The South Australian Government has commissioned the VTT Technical Research Centre of Finland to make an assessment of the forest industry potential in the Green Triangle region and identify the short, medium and long term sustainable and achievable market opportunities to increase productivity and business co-operation.
According to the VTT report, South Australia features more than 340,000 hectares of plantation forest, consisting of pine and eucalyptus.
The report outlines a set of seven pathways to raise short-term production value and establish specialized biorefinery business in the long term.
One pathway applies to the production of bio-oil by fast pyrolysis, the production of biochar by torrefaction and the production of power, heat and biofuels via a gasification process. According to the findings, pyrolysis plants could be realized in the Green Triangle in a time span of 3 to 5 years and could utilize a significant volume of unused forest residues available in the region.
According to the report, the short-term productivity of the region’s forestry can be boosted through more efficient use of timber resources, increased production value for the construction industry and capitalizing on opportunities offered by raw material and individual side streams. For example, VTT’s report states that x-ray scanning used to analyse the inner structure of timber and identify it for optimal use could increase the saw mill’s return for 5%, amounting to about 70 million Australian dollars in additional annual revenue.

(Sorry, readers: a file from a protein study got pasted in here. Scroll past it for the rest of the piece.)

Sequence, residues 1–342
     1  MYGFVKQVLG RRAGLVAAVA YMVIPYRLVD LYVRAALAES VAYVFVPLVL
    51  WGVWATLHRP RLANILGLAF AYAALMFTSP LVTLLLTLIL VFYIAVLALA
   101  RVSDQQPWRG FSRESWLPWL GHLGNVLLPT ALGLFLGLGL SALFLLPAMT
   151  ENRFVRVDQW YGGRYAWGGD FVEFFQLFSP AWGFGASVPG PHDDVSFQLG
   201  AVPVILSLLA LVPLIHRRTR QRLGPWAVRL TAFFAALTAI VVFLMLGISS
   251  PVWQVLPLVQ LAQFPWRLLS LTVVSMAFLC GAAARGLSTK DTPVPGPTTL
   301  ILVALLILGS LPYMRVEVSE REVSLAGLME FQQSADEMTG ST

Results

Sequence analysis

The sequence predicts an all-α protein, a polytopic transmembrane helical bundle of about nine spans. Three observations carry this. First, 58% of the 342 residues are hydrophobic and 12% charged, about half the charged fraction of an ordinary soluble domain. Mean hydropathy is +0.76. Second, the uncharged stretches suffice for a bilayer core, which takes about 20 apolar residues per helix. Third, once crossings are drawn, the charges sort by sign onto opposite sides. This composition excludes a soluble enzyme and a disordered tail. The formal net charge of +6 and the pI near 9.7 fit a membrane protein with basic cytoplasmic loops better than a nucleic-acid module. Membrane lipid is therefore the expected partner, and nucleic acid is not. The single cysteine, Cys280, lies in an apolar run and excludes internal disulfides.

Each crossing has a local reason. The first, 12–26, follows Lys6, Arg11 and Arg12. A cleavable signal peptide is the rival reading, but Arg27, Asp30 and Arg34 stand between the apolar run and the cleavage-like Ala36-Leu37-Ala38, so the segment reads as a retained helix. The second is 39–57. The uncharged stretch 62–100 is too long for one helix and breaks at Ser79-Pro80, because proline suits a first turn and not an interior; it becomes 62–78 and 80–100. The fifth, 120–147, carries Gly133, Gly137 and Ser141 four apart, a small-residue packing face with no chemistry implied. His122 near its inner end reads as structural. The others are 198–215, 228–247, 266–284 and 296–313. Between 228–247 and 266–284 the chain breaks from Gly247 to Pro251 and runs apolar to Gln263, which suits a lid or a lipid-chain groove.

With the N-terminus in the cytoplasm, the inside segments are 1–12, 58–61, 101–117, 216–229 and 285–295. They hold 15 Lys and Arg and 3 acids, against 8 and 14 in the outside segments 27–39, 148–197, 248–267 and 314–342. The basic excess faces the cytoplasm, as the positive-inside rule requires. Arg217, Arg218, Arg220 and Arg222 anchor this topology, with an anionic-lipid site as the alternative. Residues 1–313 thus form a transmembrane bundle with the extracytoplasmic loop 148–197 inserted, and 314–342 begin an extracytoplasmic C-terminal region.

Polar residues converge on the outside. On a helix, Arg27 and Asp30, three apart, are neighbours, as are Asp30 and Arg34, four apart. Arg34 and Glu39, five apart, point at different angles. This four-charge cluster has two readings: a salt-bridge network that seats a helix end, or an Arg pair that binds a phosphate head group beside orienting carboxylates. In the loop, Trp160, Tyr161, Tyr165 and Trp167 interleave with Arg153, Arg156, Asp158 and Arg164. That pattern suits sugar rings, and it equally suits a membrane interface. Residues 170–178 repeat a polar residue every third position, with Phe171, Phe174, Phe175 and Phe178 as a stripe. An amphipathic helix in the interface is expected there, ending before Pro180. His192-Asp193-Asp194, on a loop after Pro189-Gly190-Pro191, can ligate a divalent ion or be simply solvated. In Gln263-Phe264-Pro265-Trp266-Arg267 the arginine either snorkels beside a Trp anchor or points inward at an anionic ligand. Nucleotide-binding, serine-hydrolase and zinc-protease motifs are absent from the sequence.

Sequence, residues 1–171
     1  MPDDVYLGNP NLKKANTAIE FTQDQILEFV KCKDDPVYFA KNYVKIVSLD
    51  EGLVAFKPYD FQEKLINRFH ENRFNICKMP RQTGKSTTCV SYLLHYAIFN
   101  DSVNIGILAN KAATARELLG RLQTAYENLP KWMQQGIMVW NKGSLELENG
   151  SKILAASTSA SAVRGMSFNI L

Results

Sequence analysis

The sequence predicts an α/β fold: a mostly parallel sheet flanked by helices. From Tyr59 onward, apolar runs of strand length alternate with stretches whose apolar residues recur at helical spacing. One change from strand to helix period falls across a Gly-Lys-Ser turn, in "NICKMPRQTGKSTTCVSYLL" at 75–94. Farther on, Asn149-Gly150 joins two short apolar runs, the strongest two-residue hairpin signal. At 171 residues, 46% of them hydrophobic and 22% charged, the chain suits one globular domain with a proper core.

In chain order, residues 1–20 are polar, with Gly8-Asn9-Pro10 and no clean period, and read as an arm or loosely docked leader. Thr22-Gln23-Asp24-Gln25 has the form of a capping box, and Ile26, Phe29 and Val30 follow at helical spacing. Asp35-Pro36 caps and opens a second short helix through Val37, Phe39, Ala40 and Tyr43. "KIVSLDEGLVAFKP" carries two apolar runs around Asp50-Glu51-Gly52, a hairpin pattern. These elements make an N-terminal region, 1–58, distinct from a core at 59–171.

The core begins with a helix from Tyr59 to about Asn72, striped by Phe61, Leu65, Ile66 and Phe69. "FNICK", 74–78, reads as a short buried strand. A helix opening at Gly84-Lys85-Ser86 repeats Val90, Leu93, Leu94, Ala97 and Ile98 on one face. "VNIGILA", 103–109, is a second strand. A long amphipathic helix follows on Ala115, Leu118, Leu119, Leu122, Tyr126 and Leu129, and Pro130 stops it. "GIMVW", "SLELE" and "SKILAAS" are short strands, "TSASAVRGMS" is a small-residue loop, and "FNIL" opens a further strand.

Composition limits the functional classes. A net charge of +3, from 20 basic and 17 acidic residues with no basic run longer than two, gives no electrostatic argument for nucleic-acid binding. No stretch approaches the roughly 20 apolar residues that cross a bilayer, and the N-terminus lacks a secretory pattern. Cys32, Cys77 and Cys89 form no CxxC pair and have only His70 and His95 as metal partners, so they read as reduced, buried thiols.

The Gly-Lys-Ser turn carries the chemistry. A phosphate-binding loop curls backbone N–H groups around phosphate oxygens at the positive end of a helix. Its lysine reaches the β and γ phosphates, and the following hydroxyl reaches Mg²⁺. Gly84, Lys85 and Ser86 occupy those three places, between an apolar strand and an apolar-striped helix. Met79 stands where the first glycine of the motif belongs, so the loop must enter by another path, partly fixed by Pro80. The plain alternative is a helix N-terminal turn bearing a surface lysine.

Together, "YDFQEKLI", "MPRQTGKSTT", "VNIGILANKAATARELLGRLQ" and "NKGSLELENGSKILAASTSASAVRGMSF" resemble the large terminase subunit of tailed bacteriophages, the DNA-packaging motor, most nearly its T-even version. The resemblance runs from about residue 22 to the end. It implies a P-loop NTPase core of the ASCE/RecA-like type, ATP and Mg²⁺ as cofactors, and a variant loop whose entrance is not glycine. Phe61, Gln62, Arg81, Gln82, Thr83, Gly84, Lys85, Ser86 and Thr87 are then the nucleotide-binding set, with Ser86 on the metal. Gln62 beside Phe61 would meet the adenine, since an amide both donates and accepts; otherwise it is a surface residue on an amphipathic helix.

VTT’s long-term recommendations require the construction of new production facilities that would produce biobased chemicals and polymers, nanocellulose, cellulose-based textiles and absorbing materials and membranes.
“VTT is the world’s leading organization for the conversion of research into concrete business opportunities. The report provides us with directions for the next five to ten years and beyond,” said SA’s Minister for Manufacturing, Innovation and Trade Tom Kenyon.
The report was conducted in two stages and funded by the South Australian state and Australian Federal Government.